Plans to transform land around City Hill with more than 1000 homes will have to clear an extra hurdle, with the federal government to scrutinise the clearing of a critically endangered species' habitat.
The ACT government plans to sell a block of land off Commonwealth Avenue next financial year, paving the way for 350 apartments.
Another two City Hill blocks, which have been earmarked for 700 apartments as well as shops and offices, will be auctioned over three years under plans unveiled in the 2018-19 territory budget.
But as it prepares to put the first parcel to market, the government's City Renewal Authority has referred the project to the Department of Environment and Energy.
Clearing the site would mean removing 1.49 hectares of golden sun moth habitat.
In counts, 38 sun moths were observed in the wider 2.9 hectare site.
In its submission to the department, the authority said there was "no feasible alternative" to clearing the site because the ACT government had committed to selling it.
The vegetation, which includes mostly Chilean needlegrass, was "low-quality" habitat, the authority said.
Referrals to the department can result in applicants being forced to prepare an environmental impact statement and providing an "offset" to compensate.
City Renewal Authority chief executive Malcolm Snow said work was under way to determine the extent of its "offset requirements". He did not expect the referral to delay the sale of the site.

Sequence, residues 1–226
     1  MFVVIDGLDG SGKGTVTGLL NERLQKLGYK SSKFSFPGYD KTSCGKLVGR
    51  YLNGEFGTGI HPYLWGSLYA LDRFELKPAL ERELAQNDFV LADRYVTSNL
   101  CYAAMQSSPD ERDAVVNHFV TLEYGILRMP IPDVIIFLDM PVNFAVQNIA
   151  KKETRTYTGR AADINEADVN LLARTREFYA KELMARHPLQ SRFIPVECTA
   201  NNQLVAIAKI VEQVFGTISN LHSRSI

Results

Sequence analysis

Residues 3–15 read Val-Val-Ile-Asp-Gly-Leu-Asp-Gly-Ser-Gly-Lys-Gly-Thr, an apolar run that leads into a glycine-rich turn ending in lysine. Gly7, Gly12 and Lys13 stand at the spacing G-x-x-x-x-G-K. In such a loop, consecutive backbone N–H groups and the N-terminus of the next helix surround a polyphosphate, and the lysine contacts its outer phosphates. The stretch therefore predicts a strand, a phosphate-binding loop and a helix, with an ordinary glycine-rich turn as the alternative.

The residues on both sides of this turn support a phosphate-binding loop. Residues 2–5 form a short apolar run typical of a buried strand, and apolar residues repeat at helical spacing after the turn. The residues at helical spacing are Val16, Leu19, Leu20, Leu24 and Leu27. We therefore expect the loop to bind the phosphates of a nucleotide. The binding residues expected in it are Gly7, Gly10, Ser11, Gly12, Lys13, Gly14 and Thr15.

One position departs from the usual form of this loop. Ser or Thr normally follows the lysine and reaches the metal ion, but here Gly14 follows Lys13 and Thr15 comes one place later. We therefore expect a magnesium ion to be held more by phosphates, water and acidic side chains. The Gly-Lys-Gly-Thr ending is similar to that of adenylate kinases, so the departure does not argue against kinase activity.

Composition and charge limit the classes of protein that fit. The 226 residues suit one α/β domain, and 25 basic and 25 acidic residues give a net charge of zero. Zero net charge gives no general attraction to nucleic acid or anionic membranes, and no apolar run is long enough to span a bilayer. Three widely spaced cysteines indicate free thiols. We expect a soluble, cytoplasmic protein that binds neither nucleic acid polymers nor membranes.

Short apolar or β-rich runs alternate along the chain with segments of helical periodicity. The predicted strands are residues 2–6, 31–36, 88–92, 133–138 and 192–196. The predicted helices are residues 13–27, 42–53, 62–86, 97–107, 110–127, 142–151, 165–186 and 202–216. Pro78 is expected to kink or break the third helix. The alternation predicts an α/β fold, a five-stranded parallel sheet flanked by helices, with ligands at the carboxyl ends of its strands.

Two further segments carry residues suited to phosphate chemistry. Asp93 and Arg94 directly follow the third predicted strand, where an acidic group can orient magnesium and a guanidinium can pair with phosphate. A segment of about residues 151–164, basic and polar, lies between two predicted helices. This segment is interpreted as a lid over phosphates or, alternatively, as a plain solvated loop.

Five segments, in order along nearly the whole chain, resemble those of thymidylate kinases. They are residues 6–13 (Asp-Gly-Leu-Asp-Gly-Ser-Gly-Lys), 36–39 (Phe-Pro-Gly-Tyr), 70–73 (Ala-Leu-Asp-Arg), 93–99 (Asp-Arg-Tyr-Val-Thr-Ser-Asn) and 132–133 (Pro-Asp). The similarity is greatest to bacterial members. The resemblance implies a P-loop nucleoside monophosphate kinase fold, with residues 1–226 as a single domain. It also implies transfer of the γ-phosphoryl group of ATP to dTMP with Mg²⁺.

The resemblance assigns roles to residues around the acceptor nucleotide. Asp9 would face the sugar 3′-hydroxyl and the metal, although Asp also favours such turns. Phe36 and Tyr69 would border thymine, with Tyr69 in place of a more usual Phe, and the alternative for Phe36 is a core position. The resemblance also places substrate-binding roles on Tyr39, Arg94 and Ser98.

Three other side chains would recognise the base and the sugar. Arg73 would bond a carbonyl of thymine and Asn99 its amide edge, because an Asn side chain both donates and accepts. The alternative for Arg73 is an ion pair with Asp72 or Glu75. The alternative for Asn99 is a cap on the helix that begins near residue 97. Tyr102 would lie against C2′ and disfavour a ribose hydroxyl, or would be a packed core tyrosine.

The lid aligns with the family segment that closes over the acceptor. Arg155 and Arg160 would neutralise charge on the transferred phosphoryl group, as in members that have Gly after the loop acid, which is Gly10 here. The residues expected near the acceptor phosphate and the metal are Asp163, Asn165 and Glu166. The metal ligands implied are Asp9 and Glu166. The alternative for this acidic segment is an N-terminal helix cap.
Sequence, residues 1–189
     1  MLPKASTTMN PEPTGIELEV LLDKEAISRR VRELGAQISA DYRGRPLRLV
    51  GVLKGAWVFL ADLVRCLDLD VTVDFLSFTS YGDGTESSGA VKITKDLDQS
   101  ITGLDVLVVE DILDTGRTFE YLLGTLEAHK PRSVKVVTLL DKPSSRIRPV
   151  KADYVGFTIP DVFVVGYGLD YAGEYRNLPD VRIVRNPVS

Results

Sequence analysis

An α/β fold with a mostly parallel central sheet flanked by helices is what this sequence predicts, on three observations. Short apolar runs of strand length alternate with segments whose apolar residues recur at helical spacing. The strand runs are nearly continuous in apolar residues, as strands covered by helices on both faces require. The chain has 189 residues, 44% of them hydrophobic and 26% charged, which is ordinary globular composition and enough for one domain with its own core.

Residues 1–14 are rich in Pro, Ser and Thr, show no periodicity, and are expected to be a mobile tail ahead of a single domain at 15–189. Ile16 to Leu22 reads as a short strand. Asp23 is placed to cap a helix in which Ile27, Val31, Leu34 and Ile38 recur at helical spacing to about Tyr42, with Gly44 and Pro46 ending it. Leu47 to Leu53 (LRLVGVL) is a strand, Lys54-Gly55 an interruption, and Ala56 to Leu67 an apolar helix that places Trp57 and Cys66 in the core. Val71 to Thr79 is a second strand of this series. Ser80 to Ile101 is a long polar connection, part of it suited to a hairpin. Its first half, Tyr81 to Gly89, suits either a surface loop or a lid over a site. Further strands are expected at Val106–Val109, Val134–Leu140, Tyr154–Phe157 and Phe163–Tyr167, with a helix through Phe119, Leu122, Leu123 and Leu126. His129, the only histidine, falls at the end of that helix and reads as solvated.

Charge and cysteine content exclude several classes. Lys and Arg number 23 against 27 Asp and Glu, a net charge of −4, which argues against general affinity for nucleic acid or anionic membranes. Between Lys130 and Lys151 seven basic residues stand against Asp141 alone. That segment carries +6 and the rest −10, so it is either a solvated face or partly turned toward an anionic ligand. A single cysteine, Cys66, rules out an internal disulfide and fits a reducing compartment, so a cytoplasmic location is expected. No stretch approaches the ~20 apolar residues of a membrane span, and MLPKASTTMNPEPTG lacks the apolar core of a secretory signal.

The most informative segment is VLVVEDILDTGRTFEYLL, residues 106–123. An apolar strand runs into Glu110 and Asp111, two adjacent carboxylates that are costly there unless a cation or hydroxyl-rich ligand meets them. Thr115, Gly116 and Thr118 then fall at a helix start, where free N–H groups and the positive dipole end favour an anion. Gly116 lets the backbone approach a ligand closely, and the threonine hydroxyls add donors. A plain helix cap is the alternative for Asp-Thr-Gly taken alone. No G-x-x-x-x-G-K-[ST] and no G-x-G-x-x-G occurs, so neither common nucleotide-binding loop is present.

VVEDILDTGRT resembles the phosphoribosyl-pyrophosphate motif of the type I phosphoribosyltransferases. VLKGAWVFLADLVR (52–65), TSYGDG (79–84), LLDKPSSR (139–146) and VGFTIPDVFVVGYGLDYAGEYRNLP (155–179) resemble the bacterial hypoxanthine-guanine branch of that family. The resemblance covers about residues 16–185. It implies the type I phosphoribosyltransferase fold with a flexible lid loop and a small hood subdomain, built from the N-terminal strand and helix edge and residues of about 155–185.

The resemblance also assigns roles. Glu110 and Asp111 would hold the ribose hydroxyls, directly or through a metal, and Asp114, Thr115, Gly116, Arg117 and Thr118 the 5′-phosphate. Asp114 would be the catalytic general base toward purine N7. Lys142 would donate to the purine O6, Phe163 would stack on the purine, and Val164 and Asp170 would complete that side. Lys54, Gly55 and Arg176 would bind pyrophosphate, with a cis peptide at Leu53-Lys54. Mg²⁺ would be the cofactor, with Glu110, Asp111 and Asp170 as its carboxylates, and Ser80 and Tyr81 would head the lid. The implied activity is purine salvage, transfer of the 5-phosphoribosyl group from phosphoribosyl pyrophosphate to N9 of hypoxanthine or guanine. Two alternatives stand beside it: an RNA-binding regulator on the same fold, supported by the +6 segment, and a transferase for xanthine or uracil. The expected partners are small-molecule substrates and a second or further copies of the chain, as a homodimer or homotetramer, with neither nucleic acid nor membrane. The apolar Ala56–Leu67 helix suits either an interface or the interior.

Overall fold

The City Hill block is the latest known habitat for the critically endangered golden sun moth in line for redevelopment.
The Department of Finance is selling a large block of land in Barton for a housing or commercial complex.
In consultation on the proposal, the Friends of Grassland said the move would "totally destroy" the block, while the ACT government's conservator of flora and fauna doubted approvals would be granted for the "destruction of the significant site".
Construction of a new access road to the proposed Yarralumla brickworks housing estate will mean removing 2.6 hectares of golden sun moth habitat.
In April, Planning Minister Mick Gentleman exempted the ACT government project from needing a full environment impact assessment.
Mr Gentleman's decision came after a government report showed a block of grassland in Franklin could be used to offset the loss of golden sun moth habitat at the Yarralumla site.
As well as building the new access road to the brickworks site, the government plans to widen Dudley Street from six to 10 metres and install a new roundabout.
Doma Group's planned 380-home development at the 16 hectare Brickworks site is expected to generate an extra 2400 car trips a day.
Dudley Street runs mostly through land administered by the National Capital Authority and the planned access road is on territory government land.
The authority this month approved works on the Commonwealth-administered section of land, which includes most of Dudley Road.
Transport Canberra has lodged plans with the ACT Planning and Land Authority for the new roundabout and 130-metre long access road.
Public consultation on the $2.4 million road upgrade is open until June 18.